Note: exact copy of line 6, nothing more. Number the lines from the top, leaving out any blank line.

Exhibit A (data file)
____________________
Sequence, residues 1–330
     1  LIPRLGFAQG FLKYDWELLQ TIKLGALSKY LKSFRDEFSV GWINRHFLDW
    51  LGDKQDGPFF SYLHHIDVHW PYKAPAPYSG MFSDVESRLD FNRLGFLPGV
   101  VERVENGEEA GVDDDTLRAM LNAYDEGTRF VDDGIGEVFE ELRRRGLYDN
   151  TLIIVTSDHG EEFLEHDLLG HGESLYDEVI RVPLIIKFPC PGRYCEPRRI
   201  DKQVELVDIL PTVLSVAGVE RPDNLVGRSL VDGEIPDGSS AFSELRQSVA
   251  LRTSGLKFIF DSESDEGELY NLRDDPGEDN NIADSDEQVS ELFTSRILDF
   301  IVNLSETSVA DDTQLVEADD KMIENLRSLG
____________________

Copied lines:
   201  DKQVELVDIL PTVLSVAGVE RPDNLVGRSL VDGEIPDGSS AFSELRQSVA